Bottom line, there was less of a downside to going for it, than there was upside to kicking. Against Purdue or Northwestern, maybe kicking is the right call. Against Texas in the Fiesta Bowl, this coaching staff should have let its hair down a little bit and gone for the throat. We all know what Pete Carroll would have done in that situation.
What we saw on Monday night, yet again, were the limitations of Tressell-Ball. Playing it close to the Vest (pun intended) and relying on the defense and the kicking game is a nice strategy, if you've got 2002's defense and 2002's kicking game. If you don't, it's a tough way to win a game, especially against an opponent like Texas. I understand Ohio State's offense being limited by having a true freshman quarterback who can't yet make all of the throws. But when you've got a chance to make a momentum-changing play, you have to take it.
I hate to second-guess Jim Tressell, a man who has forgotten more about football than I'll probably ever learn. But what did the Buckeyes have to lose in that situation by going for the first down?
Missed Opportunity: Ohio State's defense was magnificent throughout the first half, and with 2:25 left, they made a huge play when Thaddeus Gibson sacked Colt McCoy on a fourth-down attempt, giving the Buckeyes the ball at their own 48-yard line, with plenty of time to expand on their 6-3 lead. A great team capitalizes on opportunities like these. Ohio State did not. After picking up one first down, the Buckeyes missed on three pass attempts* and had to punt the ball back to the Longhorns with 56 seconds left in the half. Texas proceeded to drive 76 yards without using a timeout (assisted by a blatant blow to Colt McCoy's helmet by Thad Gibson) before McCoy was intercepted by Anderson Russell at the Ohio State one-yard line at the end of the half. Thanks to the penalties, missed opportunities, and stodgy play-calling, Ohio State had to settle for a 6-3 halftime lead, despite dominating the first thirty minutes.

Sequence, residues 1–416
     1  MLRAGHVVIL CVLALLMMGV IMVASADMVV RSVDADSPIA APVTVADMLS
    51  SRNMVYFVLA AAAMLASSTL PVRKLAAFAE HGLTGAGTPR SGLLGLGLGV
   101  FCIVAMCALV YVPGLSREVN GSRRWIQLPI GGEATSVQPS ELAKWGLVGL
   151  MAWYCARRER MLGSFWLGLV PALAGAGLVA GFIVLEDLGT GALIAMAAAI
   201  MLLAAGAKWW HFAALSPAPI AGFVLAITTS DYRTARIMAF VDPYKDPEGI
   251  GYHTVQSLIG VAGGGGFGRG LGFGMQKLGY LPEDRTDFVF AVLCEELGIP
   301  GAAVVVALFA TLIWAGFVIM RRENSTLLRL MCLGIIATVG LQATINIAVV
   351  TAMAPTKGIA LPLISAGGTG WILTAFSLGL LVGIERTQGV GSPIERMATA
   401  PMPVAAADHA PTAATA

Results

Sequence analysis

*- ESPN.com lists the intended receiver on the third-down attempt as Dan Potokar. I'm hoping that wasn't an error on the part of the Worldwide Leader. Dan has had to wage a rough battle. Diagnosed with testicular cancer nearly a year ago, he had to fight like hell for survival, as the disease had progressed into his lungs and his brain. Being a survivor of testicular cancer myself, I followed Dan's story pretty closely, and if he was on the field last night, that's a wonderful thing, better than any bowl victory. Physically as well as psychologically, cancer is the ultimate opponent. My hat is off to a young man with uncommon courage and toughness, and I wish him good health and better fortune down the line.
I don't want to be too tough on the Buckeyes for what happened on Monday night. As a fan, all I can truly ask is for a team to give a good effort, and Ohio State did that. The much-maligned senior class performed with honor and character. The team showed tremendous intestinal fortitude in fighting back from what looked like an insurmountable 17-6 deficit. The Buckeyes left it on the field, gave us an entertaining game, and for that I'm grateful. And Texas deserves a great deal of credit for making big plays when they absolutely had to be made.
But the chance for a redeeming victory was right there for the Buckeyes, and they couldn't take advantage. And it didn't have to be that way.